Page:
In George Orwell’s novel 1984, the Ministry of Truth was hard at work on the creation of Newspeak, a new language to intended replace English by 2050. Orwell explained:“The purpose of Newspeak was not only to provide a medium of expression for the world-view and mental habits proper to the devotees of Ingsoc [English Socialism], but to make all other modes of thought impossible.”
Fortunately, Orwell’s novel was not itself written in Newspeak, because it would be hideously boring: “Ultimately it was hoped to make articulate speech issue from the larynx without involving the higher brain centers at all”.
Newspeak was carefully designed to make its speakers stupider:“A heretical thought … should be literally unthinkable, at least so far as thought is dependent on words.”
And, of course, thought—at least thought of any complexity—is indeed highly dependent upon words, especially published words.
Words are central to political battles, not only because they are necessary for rational thought, but also because they can obliterate rational thought. They can take on emotional associations from past victories and defeats, developing magical, incantatory powers.
For example, in the late 1940s and early 1950s, the term “un-American” was highly useful to politicians who wielded it.
Yet, today, it is seldom used by conservatives. Now, “un-American” is mostly a term used by liberals, who brandish it less as a logical contention than as a symbol of their triumph in the culture war over what is remembered about Communists in the U.S.
Here are some recent examples from Google News:“Not only would removing birthright citizenship be cruel, it would also be fundamentally un-American” -- Ezra Klein of the Washington Post
“Most Democrats hailed the decision, saying Arizona's SB 1070 was ‘un-American and unconstitutional…’” -- Politico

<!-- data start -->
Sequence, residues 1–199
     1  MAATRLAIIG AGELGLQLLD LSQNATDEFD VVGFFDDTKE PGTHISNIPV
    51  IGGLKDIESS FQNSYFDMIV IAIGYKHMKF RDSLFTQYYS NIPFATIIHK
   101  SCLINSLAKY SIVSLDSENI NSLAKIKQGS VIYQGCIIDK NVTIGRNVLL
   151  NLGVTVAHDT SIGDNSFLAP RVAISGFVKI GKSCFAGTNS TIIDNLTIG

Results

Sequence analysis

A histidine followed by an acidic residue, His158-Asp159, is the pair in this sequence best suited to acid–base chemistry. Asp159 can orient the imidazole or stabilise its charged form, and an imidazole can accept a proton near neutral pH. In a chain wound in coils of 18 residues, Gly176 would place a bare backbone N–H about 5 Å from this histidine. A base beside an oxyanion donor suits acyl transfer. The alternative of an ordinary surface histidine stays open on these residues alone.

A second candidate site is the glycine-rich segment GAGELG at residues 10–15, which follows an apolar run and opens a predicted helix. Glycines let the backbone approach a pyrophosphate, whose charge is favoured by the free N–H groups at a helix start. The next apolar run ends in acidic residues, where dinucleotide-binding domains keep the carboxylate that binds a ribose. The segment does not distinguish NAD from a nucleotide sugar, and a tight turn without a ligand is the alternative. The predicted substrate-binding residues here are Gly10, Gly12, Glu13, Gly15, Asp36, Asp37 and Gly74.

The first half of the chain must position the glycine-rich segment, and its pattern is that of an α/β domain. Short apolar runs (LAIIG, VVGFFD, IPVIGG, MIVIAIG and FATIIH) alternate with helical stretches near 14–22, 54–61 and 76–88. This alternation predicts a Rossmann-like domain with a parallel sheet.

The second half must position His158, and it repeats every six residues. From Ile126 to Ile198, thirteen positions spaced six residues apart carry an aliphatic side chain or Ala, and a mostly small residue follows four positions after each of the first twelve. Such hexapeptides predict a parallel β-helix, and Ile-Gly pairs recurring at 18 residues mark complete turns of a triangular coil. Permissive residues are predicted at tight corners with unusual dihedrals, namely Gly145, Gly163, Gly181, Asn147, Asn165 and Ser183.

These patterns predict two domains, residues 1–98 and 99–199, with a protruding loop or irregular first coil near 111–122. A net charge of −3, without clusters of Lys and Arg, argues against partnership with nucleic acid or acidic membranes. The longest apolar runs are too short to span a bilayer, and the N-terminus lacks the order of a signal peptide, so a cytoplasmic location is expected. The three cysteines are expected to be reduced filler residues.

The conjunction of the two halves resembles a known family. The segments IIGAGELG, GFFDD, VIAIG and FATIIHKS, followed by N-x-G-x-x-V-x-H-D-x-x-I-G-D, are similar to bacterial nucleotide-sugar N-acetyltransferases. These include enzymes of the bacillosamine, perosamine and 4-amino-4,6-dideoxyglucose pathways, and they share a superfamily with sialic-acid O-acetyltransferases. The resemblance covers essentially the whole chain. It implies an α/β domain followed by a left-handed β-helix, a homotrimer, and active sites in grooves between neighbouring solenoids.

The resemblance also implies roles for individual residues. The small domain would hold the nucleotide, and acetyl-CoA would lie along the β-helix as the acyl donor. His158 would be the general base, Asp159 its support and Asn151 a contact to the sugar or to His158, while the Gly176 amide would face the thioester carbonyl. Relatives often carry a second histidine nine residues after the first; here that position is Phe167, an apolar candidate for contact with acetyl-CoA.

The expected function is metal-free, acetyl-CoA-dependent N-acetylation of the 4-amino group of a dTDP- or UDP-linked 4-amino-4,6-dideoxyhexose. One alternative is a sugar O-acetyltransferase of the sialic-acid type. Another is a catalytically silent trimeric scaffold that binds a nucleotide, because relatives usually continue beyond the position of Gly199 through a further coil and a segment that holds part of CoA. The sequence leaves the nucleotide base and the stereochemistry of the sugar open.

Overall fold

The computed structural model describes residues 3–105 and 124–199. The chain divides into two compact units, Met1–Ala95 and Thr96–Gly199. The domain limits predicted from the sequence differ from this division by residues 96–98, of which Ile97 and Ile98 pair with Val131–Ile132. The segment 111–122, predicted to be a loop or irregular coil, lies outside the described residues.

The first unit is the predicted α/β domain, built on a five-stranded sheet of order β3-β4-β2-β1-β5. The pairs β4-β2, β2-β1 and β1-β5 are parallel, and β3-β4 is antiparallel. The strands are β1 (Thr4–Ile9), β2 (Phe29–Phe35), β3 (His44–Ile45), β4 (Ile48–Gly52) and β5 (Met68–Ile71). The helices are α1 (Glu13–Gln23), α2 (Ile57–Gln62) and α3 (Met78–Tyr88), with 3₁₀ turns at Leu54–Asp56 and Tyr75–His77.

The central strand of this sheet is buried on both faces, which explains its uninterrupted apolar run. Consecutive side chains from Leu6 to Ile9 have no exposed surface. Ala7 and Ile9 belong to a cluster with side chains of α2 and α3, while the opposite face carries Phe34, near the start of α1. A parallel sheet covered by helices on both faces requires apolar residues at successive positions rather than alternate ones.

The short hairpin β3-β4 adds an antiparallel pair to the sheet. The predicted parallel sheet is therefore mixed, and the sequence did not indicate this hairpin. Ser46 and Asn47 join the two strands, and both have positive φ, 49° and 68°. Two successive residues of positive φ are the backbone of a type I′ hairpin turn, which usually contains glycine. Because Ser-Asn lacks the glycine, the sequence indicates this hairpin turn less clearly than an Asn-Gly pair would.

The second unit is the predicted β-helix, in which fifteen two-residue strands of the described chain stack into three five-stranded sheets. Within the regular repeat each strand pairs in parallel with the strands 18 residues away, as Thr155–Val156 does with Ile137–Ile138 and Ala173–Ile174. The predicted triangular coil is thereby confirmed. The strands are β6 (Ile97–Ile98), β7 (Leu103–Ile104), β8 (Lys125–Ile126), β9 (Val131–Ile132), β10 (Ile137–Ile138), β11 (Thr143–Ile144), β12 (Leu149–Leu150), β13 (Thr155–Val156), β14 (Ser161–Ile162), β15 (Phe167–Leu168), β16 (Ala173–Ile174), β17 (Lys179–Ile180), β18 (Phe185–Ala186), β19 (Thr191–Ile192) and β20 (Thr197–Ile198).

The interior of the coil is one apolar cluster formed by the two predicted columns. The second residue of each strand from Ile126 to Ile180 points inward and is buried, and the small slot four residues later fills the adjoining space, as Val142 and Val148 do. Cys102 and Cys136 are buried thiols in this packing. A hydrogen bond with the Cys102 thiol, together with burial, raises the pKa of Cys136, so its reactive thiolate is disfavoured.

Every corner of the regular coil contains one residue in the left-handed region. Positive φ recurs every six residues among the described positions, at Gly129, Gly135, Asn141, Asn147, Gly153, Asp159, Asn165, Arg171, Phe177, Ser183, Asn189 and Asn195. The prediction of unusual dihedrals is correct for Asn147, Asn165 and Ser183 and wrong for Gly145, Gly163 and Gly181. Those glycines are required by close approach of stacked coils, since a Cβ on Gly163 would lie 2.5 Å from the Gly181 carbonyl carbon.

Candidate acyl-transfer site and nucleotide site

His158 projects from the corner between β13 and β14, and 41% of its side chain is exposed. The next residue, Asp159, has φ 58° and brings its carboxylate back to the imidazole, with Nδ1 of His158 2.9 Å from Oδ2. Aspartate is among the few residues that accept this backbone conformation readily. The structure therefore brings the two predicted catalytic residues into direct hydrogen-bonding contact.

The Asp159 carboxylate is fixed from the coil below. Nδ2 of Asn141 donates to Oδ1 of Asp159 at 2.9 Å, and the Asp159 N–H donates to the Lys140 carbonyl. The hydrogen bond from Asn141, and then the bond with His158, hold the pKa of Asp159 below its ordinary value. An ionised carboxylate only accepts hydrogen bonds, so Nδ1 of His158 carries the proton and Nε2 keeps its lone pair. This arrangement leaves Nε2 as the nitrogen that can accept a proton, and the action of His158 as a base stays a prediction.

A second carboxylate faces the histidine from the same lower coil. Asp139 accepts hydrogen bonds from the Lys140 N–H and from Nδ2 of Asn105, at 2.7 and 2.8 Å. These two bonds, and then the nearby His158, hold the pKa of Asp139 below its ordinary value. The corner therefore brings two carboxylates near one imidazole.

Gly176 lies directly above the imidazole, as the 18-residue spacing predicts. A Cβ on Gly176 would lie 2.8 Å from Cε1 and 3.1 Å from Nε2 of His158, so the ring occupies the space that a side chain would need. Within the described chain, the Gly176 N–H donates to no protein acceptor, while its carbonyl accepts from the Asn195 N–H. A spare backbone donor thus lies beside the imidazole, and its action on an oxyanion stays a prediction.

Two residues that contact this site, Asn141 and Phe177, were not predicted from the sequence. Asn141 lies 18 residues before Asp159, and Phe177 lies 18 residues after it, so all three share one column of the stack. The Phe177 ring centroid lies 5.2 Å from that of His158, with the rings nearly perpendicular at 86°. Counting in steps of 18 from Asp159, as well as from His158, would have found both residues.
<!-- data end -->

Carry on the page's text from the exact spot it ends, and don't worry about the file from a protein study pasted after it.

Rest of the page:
“New York Mayor Michael Bloomberg says it would be un-American to investigate a mosque that is planned for construction near where the World Trade Center once stood” -- AP
“Rangel: Resigning now would be un-American” -- The Hill
But in the Newspeak reigning in America today, no word has more totemic power to suppress rigorous thinking than “racism.”The intellectual sophistication of today’s conventional thinking about race is at the Newspeak level. To label your opponent a racist is to declare him, in Newspeak's useful term, a “doubleplusungoodthinker.” And what more needs to be said? As Orwell put it:
“But the special function of certain Newspeak words, of which oldthink was one, was not so much to express meanings as to destroy them. … In Newspeak it was seldom possible to follow a heretical thought further than the perception that it was heretical: beyond that point the necessary words were nonexistent.”
To accuse someone of “racism” is no longer to express any particular conception, but instead merely to declare your victim a loser and yourself a winner.
Contemporary uses of the word “racism” are explored in the crisply-written new book Racism, Schmacism: How Liberals Use the “R” Word to Push the Obama Agenda by James Edwards, the young host of the weekly radio talk show The Political Cesspool.
August 3, 2010
From my column in VDARE.com:
Read the whole thing there and comment upon it here.